Author Ray Bradbury once said: “Write only what you love, and love what you write. The key word is love. You have to get up in the morning and write something you love, something to live for.”
    I keep his words taped to my computer — just in case I need a reminder!

    0
  17. says

    I’m busy with rewrites of my first novel. At this point I’m wondering how long it takes the average person to rewrite and polish a novel because it feels like I will NEVER FINISH THIS THING. It’s been almost a year since I wrote the first word, so I’m getting somewhere if not S L O W L Y.

    0
    • says

      “Almost a year” isn’t very long at all for a first draft. And as far as I know there are no averages for how long a book takes. Try to be kind to yourself and keep writing. I got this out of a fortune cookie and taped it on my desk: Be not afraid of going slowly, be afraid only of standing still. Good luck!

      0
  18. says

    Carleen,

    There were so many points I found encouraging. I also experienced a shift in my dream of being published.

    Initially I couldn’t figure out why I wasn’t as excited as I thought I’d be about getting a 2-book publishing deal with a digital-first publisher. I realized it was because my inner critic was telling me it was only real if I had an agent and a whopping advance from a traditional publisher.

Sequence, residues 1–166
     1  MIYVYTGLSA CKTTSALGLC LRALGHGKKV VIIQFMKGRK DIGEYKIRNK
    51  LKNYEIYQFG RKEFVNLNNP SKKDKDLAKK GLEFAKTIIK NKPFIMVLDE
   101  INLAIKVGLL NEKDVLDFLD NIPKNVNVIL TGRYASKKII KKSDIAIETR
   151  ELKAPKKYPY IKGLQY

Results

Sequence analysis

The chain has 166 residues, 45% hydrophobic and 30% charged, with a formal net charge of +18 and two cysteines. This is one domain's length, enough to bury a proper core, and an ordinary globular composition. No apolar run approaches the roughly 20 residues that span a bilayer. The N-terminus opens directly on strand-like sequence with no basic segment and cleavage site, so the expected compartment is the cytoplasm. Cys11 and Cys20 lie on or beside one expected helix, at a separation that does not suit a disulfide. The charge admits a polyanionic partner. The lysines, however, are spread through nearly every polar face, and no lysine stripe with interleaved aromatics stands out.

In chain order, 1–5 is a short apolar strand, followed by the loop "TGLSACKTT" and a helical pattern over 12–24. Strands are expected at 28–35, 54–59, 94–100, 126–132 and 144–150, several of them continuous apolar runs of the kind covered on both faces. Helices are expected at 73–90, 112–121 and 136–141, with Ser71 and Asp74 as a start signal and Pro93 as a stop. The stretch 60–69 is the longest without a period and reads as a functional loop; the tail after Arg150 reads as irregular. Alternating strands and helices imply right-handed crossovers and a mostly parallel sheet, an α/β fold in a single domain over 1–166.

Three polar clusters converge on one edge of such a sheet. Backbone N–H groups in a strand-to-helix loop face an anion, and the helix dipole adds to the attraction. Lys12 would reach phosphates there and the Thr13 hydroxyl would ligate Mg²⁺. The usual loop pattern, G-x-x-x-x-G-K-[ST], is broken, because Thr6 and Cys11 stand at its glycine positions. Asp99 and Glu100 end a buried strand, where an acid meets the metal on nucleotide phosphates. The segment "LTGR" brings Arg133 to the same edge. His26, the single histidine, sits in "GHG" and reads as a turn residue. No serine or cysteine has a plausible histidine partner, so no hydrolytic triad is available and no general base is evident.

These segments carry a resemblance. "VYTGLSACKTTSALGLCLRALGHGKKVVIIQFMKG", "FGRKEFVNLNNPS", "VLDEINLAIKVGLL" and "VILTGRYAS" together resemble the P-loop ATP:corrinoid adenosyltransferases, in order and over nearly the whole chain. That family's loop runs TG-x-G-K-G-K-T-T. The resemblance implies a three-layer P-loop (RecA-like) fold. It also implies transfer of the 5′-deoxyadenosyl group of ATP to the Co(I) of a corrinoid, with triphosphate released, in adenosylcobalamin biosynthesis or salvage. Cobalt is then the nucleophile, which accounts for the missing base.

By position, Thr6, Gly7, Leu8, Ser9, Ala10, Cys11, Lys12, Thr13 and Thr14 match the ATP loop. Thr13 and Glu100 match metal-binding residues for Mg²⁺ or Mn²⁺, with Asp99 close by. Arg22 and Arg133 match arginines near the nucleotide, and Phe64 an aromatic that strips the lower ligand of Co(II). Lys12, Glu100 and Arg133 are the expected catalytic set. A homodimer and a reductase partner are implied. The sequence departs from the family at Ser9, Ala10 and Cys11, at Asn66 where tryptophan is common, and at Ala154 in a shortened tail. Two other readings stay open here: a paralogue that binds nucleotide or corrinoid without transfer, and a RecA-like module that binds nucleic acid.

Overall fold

But times have changed. The industry is in a constant state of flux.

    I still dream of seeing my book on a shelf as a hardcover and being optioned for a movie. But I understand there are now many paths that lead to this goal and I’m okay with that.

    0
    • says

      Many congratulations to you on getting published!! Keep going and who knows…maybe you’ll see your next book on a shelf, or maybe you’ll decide seeing your name on the screen is plenty!

      0
  19. says

    As a person who let her dream of writing take a back burner for years, mostly because of fright, it reassures me when I read an article like yours. I am not frightened because I am a bad writer, I am frightened because I am a writer! Period! Now that I’m a bit older I have become focused on my writing again. With the hope and dream of becoming published.

    I will NOT let my fear get in my way again. Its just nice to know that even experienced writers have fears. I hope to see my work published, but I know now that I need to write for ME, and not write to just be published (does this make sense?) Thank you!

    Jackie

    0
    • says

      Sure it makes sense Jackie. Fear seems to come with the territory, but I find that the more I write the less scary the writing gets. I still have many bouts where I’m sitting there thinking why in the heck did I think I could do this? But if I stay with it, I figure it out again. I’m sure you will too. Best of luck!

      0
  20. says

    What a great post, Carleen, and congratulations on the weight loss! My “day job” is planning events for WW, and I led meetings for 5 years, so I was particularly taken by your analogy. It’s very true. Staying positive even when the going is rough works wonders on many things.